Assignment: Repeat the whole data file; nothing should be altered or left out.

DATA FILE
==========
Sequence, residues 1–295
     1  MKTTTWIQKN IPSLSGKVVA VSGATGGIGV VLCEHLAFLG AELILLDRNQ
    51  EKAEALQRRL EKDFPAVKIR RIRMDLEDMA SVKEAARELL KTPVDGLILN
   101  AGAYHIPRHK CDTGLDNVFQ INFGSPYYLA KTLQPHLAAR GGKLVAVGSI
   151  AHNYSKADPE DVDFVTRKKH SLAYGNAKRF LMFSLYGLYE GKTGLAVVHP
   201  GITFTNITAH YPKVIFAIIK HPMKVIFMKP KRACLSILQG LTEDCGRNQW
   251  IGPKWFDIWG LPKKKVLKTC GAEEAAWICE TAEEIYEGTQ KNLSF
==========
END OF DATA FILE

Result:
Sequence, residues 1–295
     1  MKTTTWIQKN IPSLSGKVVA VSGATGGIGV VLCEHLAFLG AELILLDRNQ
    51  EKAEALQRRL EKDFPAVKIR RIRMDLEDMA SVKEAARELL KTPVDGLILN
   101  AGAYHIPRHK CDTGLDNVFQ INFGSPYYLA KTLQPHLAAR GGKLVAVGSI
   151  AHNYSKADPE DVDFVTRKKH SLAYGNAKRF LMFSLYGLYE GKTGLAVVHP
   201  GITFTNITAH YPKVIFAIIK HPMKVIFMKP KRACLSILQG LTEDCGRNQW
   251  IGPKWFDIWG LPKKKVLKTC GAEEAAWICE TAEEIYEGTQ KNLSF